The tendency for many people is to numb or shut down as a way to cope with trauma, but this has a negative effect on your relationships.
The more overwhelmed you feel, the more shut down you become, and the more shut out your partner is.
One of the biggest obstacles Dr. Johnson points out is the feeling of shame that prevents you from reaching out to your partner. There’s part of you that feels like the trauma was your fault in some way. And this is a very common feeling for survivors.
Maybe you feel guilty that the trauma has affected your relationship, or you feel that you don’t deserve love and support. You might wonder if your partner can love you now that you’re so different.
After trauma it’s even common to push your partner away.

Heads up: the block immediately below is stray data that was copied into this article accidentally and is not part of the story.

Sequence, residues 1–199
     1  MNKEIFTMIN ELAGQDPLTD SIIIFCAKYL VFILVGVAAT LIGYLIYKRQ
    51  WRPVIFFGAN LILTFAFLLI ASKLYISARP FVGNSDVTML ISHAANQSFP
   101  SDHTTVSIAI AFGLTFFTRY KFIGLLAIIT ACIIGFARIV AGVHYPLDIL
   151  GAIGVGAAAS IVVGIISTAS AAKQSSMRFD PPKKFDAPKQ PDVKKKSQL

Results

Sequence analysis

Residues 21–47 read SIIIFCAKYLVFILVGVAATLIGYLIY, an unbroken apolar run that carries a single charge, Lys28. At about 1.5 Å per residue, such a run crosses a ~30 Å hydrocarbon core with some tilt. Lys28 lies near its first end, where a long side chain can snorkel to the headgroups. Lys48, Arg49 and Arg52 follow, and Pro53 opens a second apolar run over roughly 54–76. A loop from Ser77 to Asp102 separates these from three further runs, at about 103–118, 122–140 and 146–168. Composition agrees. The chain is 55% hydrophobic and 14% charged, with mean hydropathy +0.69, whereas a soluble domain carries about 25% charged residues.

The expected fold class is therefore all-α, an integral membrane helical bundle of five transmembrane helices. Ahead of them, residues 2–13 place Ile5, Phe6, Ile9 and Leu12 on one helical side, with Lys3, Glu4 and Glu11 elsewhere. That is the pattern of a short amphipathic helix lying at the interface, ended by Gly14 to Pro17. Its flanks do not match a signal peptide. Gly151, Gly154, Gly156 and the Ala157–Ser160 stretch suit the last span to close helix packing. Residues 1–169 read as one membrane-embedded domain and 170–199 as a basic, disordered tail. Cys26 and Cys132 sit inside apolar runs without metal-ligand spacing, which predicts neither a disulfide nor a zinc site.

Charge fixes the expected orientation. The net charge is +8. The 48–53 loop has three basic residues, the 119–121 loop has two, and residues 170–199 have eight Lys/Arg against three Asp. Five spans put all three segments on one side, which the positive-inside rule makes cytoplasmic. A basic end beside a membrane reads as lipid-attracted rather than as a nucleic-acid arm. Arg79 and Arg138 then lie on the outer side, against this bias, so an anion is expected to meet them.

But, in reality, your partner can provide you the sense of safety you’re so desperately craving.
Couples Therapy for Trauma Helps You Face Trauma Together
It takes courage for the wounded partner to be vulnerable and share their deep hurt. It also takes courage to listen and witness your partner’s pain. If you can face trauma together, your relationship will get stronger.
For the survivor, strengthening your relationship through couples therapy for trauma can help you find comfort. Your partner, who might be at a loss for what’s going on with you in the small moments that escalate out of control, will be able to see your hurt and respond to you in a different way. They will respond with empathy to your pain instead of frustration, criticism, or withdrawal. Therapy can help you find each other again.
It can also help you regain hope. If life just looked too scary or too hard after your traumatic event, coming close to your partner for support can remind you of the good things that are still there with the bad.
Additionally, sharing your fears and vulnerabilities allows your partner to reassure you that you are loved, no matter how you’ve changed after the event.